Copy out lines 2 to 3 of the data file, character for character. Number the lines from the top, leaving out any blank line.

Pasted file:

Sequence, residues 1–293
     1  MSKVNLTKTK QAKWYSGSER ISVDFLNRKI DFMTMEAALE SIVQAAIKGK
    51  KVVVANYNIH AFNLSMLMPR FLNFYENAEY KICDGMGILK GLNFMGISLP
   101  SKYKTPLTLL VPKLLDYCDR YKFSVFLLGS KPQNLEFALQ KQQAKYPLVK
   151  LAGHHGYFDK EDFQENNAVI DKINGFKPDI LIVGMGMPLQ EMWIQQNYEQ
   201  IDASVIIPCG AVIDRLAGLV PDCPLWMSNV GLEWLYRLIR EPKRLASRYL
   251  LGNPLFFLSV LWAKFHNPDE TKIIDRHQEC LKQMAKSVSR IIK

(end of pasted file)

     1  MSKVNLTKTK QAKWYSGSER ISVDFLNRKI DFMTMEAALE SIVQAAIKGK
    51  KVVVANYNIH AFNLSMLMPR FLNFYENAEY KICDGMGILK GLNFMGISLP